Strolling around Plotinka, let us take a walk along the Geological Alley, where one can spot various samples of Ural rocks among the trees. On the lower terrace of the park there is the Museum of Architecture and Design – home to a mechanical factory in the 19th century. Next to the museum, you will see the exposition of large-scale equipment of the Urals factories.
Another must-see is the Sevastyanov’s House. The rumour has it that N.I. Sevastyanov, an official for special missions, did not live in the house himself but instead resided in a small wooden cottage opposite. But he surely enjoyed sitting on a bench in front of the house in the evenings and admire his palace, occasionally asking the passers-by if they knew who the magnificent edifice belonged to. This is not the only gossip circulating about the building. Once it occured to Sevastyanov that he wished to gild the rotunda dome. However, such works required a special permit, as only churches could have gilded domes. The request submitted by Sevastyanov turned out against him – he was sentenced to visiting the nearby church every morning as a penalty wearing boots of cast iron and praying God to pardon his sin of vanity.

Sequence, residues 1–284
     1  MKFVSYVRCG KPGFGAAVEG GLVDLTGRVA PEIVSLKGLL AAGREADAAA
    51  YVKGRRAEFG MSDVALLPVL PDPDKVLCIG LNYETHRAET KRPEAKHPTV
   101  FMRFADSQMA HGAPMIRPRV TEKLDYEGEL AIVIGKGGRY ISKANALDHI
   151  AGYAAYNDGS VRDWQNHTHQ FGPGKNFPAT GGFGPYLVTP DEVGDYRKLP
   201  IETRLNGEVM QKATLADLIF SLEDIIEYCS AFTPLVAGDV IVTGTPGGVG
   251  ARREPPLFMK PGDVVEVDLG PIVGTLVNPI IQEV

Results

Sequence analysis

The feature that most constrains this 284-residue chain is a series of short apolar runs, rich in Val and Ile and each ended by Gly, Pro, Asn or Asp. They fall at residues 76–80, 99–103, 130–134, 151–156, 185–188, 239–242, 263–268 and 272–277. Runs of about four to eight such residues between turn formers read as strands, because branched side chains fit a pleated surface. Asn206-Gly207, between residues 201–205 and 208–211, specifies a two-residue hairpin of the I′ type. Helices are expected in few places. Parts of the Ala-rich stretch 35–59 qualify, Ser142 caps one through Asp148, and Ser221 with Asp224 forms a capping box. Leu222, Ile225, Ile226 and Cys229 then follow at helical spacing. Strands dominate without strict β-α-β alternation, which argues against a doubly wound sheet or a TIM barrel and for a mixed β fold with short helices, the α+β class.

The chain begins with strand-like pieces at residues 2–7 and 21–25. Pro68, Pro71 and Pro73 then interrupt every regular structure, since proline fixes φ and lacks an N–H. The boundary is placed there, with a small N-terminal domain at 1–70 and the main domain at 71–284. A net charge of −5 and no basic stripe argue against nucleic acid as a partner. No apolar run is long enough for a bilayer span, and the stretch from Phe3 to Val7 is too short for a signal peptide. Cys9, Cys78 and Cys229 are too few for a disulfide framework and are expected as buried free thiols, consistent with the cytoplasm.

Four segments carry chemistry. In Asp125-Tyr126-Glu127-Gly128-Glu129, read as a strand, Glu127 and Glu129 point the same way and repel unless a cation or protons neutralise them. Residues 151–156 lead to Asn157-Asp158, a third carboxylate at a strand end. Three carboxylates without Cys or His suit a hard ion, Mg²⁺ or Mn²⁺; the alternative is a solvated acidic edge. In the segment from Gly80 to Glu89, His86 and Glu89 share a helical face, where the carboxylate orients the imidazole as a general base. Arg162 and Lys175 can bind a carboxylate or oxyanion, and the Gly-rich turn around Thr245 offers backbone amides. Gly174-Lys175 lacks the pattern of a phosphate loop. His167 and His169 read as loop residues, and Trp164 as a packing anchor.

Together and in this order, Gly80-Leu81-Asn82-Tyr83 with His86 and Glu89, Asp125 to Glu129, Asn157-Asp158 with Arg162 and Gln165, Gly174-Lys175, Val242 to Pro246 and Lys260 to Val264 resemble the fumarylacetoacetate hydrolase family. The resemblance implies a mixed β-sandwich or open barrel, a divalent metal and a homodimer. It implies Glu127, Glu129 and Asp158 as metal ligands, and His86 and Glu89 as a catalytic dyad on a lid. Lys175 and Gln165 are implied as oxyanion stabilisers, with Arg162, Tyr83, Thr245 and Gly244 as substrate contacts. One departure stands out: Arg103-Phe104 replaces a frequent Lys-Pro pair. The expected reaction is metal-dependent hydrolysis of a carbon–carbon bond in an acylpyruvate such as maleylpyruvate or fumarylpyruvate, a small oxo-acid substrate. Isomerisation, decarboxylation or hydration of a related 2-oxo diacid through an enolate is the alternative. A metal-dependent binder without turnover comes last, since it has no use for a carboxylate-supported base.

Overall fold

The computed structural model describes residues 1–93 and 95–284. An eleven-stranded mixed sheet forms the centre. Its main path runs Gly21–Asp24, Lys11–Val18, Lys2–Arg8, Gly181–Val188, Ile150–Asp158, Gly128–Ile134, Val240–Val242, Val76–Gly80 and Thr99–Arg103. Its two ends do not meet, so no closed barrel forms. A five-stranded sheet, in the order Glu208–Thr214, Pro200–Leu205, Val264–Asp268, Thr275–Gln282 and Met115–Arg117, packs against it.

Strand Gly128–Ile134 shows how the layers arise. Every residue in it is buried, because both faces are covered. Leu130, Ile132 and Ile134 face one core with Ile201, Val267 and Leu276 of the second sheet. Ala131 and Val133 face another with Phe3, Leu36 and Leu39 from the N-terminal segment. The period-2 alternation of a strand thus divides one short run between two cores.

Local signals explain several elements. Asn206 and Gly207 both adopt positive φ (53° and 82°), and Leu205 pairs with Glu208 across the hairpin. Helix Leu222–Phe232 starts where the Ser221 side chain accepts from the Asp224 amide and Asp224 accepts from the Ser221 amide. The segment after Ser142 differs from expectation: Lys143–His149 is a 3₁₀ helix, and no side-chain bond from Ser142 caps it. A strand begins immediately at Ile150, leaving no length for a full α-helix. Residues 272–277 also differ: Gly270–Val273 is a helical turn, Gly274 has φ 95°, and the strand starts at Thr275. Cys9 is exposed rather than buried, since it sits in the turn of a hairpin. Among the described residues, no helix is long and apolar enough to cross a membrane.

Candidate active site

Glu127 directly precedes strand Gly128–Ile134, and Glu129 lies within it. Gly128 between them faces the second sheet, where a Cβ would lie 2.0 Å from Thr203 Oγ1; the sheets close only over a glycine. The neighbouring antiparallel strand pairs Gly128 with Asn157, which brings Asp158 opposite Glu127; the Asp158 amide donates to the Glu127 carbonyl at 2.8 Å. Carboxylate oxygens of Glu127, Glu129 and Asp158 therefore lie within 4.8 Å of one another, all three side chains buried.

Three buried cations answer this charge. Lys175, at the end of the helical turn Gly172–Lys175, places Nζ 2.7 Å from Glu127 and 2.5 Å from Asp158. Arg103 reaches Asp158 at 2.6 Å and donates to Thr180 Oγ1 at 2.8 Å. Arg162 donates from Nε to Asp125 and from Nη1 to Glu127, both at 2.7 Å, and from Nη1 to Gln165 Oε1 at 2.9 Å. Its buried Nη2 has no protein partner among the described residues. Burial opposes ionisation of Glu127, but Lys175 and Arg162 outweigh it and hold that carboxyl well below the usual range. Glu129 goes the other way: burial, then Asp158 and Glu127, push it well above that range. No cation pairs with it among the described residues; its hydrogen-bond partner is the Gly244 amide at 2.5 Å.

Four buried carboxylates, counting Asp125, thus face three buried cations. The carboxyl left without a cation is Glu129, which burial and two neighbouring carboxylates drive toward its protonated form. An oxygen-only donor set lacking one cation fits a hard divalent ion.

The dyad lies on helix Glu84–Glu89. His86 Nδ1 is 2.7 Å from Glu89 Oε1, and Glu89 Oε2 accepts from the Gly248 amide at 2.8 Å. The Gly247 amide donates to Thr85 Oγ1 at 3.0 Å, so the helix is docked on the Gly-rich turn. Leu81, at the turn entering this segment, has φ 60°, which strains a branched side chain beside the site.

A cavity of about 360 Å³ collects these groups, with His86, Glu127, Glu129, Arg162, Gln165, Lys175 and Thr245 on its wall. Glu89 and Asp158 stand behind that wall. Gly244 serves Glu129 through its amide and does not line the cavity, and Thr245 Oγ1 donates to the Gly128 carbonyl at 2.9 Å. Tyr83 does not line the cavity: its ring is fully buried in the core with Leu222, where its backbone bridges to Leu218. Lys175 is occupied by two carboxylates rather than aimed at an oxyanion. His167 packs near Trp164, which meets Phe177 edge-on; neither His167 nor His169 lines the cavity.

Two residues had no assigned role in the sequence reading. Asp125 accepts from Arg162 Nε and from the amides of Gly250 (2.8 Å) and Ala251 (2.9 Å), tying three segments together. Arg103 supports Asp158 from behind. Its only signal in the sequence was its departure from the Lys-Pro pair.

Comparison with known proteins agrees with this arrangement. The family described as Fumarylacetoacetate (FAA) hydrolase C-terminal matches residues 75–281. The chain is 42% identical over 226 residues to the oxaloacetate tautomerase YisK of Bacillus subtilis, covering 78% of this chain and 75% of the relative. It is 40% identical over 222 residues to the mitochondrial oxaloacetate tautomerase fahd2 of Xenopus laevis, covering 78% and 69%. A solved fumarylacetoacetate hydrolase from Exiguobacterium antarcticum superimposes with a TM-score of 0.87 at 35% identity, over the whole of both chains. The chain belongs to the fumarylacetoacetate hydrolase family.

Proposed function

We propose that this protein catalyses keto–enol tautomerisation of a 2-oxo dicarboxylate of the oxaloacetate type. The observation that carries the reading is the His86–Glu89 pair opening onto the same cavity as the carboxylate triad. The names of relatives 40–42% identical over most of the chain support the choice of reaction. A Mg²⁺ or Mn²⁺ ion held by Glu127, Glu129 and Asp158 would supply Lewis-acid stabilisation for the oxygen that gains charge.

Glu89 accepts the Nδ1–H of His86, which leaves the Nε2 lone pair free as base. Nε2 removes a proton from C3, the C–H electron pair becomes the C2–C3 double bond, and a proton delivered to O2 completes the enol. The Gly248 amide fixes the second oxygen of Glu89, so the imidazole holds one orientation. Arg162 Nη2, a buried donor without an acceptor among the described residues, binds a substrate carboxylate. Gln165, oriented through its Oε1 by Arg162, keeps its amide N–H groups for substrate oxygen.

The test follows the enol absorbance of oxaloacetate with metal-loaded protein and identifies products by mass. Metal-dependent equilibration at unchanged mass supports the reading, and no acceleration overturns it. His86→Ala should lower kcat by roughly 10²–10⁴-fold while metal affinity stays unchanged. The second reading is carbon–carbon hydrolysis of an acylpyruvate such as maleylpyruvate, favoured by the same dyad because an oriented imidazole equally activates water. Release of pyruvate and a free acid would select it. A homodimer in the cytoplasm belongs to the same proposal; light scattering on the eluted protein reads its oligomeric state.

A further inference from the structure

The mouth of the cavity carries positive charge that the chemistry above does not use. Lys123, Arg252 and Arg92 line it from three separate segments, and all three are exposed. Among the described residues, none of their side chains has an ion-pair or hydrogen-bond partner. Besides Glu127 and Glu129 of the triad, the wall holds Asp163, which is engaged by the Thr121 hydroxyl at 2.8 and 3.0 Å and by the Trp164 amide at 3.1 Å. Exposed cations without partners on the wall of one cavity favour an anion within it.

From Plotinka we will reach the 1905 Square – the central square of Ekaterinburg. It emerged together with the city and changed several names throughout its history – the Church Square, the Cathedral Square, the 1905 Square. As epochs and authorities succeeded one another, the square always remained the main square, the epicentre of the city cultural and social life.
The final point of our itinerary will be the Yeltsin Centre. The first presidential museum in Russia, The Boris Yeltsin Museum, was opened in 2015. If you are willing to revisit the 1990s and reassess the importance of that period for the life of modern Russia, the museum is the ultimate place for you.
The Urals weather is notably changeable, so be sure to bring warm clothes and an umbrella along with you! Also, opt for comfortable footwear, as the tour guide will certainly want to show you around in the city centre!
Feel free to refer for any information on the city tour to Alena Bezrukova at +7 912 288 32 91 or email: firstname.lastname@example.org.